Tel. (212) 831-4333

Contact@tallerboricua.org

1680 Lexington Ave. New York City, 10029

Taller Boricua Board of Directors

Marcos Dimas

Executive Director

Dan Comas

Chairman of the Board

Nitza Tufiño

Secretary

Jose Carrer

Treasurer

Ethan Casey

Humberto Cintron

William Cruz Colon

Roger Hernanadez

1 — THE WORKSHOP / THE MUSEUM

Taller Boricua was founded in 1970 as an artist run studio in El Barrio, by Marcos Dimas, Adrian García, Manuel “Neco” Otero, Martin Rubio, and Armando Soto, at the headquarters of the Real Great Society, an urban planning collective, on Madison Avenue at East 111th Street.
That same year, Dimas, Soto, Rubio, and García became advisors to the recently founded El Museo del Barrio. Together with Raphael Montañez Ortiz, one of the founders of El Museo, these artists had participated in the Puerto Rican Art Workers Coalition, which pushed for the representation of women artists and other minorities in New York museums. The posters and ephemera presented in this section, created by Taller Boricua artists, document the first years of collaboration between Taller and El Museo, including exhibitions during director Marta Moreno Vega’s tenure, such as Exposición Rodante, Taller Boricua, the group’s first exhibition in the museum, in 1972. During this shared history, there were also moments of disagreement between the two organizations. In the exhibition, The Art Heritage of Puerto Rico: Pre-Columbian to the Present (1973), co-organized by El Museo and The Metropolitan Museum of Art, members from Taller Boricua organized a demonstration during the opening to protest against their exclusion from the show.


The Art Heritage of Puerto Rico: Pre-Columbian to the Present (1973), co-organized by El Museo and The Metropolitan Museum of Art, members from Taller Boricua organized a demonstration during the opening to protest against their exclusion from the show.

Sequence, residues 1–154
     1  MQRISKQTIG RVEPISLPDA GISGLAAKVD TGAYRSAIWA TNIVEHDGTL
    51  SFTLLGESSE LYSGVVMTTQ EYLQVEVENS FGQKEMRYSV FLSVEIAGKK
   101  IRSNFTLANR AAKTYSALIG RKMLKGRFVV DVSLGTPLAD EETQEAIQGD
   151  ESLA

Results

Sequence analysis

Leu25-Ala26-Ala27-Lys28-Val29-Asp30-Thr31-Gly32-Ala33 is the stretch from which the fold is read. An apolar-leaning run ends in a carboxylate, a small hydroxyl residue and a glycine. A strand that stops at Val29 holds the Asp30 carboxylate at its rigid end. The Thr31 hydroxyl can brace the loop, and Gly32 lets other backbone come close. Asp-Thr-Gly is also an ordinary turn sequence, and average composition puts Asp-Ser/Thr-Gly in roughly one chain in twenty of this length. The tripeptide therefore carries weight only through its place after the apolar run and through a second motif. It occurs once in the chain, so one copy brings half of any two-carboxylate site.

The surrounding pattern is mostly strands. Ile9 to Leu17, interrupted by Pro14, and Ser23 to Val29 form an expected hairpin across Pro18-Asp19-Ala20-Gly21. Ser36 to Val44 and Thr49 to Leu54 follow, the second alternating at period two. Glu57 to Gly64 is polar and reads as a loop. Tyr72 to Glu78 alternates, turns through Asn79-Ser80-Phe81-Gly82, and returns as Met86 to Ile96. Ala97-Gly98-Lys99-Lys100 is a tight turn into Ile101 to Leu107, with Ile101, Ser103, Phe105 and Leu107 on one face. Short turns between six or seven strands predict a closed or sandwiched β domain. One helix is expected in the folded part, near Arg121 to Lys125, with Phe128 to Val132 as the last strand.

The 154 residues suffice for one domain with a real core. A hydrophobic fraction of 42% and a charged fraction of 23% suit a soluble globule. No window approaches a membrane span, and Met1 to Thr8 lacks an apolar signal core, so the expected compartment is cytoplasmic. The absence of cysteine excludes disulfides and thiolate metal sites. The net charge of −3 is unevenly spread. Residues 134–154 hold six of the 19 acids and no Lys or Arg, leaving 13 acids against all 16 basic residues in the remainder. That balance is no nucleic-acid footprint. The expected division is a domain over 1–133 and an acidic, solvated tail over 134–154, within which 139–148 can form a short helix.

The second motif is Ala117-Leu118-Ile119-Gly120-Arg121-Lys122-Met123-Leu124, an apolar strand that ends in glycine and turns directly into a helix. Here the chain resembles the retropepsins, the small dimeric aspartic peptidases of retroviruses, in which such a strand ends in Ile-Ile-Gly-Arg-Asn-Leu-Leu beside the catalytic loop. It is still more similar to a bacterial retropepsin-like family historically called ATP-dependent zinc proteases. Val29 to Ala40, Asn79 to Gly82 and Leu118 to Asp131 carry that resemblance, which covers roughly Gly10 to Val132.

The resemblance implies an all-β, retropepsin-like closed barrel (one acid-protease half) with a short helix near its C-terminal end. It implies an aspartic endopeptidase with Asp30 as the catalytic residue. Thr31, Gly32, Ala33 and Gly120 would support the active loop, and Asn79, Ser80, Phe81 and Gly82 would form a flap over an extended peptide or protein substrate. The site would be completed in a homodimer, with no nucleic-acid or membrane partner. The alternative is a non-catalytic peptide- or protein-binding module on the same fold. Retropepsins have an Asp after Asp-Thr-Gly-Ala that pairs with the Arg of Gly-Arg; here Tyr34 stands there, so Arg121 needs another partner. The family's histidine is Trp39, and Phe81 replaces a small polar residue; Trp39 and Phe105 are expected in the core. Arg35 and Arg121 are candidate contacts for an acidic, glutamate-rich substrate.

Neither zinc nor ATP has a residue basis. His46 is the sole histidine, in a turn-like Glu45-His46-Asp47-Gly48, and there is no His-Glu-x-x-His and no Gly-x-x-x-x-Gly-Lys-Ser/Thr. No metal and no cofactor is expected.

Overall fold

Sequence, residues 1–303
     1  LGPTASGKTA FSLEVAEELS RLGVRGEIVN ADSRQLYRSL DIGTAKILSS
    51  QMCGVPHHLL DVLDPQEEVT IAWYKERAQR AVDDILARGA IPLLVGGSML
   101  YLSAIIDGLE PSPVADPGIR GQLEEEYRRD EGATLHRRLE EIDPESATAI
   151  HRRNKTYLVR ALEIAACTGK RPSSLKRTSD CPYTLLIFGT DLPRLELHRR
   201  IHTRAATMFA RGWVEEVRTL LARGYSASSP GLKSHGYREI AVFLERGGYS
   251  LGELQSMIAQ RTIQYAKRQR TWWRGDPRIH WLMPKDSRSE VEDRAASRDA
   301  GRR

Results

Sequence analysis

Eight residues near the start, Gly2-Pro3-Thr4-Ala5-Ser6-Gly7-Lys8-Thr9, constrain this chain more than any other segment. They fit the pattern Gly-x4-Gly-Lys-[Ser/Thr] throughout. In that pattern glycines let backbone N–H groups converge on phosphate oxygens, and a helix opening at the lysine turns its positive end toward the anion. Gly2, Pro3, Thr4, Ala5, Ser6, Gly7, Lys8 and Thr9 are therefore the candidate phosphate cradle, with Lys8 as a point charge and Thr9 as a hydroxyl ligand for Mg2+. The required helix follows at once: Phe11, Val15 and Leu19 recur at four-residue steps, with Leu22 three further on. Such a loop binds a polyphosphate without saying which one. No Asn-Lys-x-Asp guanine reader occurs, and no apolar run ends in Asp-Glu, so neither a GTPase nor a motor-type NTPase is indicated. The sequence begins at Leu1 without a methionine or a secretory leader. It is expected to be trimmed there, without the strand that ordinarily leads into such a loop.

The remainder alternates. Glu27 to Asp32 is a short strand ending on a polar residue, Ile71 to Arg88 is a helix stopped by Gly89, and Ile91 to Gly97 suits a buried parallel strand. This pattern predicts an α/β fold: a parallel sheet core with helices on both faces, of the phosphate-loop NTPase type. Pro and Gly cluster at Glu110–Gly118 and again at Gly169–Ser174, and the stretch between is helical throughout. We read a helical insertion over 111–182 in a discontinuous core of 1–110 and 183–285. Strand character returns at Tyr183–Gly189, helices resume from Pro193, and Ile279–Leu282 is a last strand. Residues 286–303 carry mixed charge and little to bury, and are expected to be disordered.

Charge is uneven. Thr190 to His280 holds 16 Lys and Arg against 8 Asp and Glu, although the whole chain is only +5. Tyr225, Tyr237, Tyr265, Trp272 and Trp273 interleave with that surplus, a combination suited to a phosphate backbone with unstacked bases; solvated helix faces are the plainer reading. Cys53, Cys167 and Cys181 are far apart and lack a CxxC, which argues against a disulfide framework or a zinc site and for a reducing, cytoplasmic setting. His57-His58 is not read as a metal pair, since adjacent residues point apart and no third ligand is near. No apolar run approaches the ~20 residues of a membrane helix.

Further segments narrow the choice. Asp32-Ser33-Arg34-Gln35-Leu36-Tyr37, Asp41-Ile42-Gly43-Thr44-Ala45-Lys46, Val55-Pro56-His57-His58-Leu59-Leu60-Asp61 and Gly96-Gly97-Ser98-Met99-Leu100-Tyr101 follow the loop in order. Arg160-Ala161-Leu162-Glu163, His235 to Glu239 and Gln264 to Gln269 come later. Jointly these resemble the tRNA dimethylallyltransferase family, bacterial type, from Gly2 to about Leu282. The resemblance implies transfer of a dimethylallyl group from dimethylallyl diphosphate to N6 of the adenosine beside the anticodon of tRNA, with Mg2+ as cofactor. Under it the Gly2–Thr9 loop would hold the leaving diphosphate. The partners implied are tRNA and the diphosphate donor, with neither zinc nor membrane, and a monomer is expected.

1 — THE WORKSHOP / THE MUSEUM
Taller Boricua was founded in 1970 as an artist run studio in El Barrio, by Marcos Dimas, Adrian García, Manuel “Neco” Otero, Martin Rubio, and Armando Soto, at the headquarters of the Real Great Society, an urban planning collective, on Madison Avenue at East 111th Street.
That same year, Dimas, Soto, Rubio, and García became advisors to the recently founded El Museo del Barrio. Together with Raphael Montañez Ortiz, one of the founders of El Museo, these artists had participated in the Puerto Rican Art Workers Coalition, which pushed for the representation of women artists and other minorities in New York museums. The posters and ephemera presented in this section, created by Taller Boricua artists, document the first years of collaboration between Taller and El Museo, including exhibitions during director Marta Moreno Vega’s tenure, such as Exposición Rodante, Taller Boricua, the group’s first exhibition in the museum, in 1972. During this shared history, there were also moments of disagreement between the two organizations. In the exhibition, The Art Heritage of Puerto Rico: Pre-Columbian to the Present (1973), co-organized by El Museo and The Metropolitan Museum of Art, members from Taller Boricua organized a demonstration during the opening to protest against their exclusion from the show.